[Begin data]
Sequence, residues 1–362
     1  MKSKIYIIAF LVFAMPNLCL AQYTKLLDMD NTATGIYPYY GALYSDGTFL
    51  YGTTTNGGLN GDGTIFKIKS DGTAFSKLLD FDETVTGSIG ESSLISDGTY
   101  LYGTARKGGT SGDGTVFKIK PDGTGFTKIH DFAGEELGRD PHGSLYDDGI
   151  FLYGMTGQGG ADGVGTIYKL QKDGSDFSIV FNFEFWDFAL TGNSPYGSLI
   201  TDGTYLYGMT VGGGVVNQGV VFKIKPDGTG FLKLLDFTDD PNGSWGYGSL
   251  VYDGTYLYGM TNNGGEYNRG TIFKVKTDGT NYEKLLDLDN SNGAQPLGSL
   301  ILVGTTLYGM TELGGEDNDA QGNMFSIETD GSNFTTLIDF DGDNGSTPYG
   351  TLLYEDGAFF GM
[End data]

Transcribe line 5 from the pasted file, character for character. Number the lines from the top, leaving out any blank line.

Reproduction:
   151  FLYGMTGQGG ADGVGTIYKL QKDGSDFSIV FNFEFWDFAL TGNSPYGSLI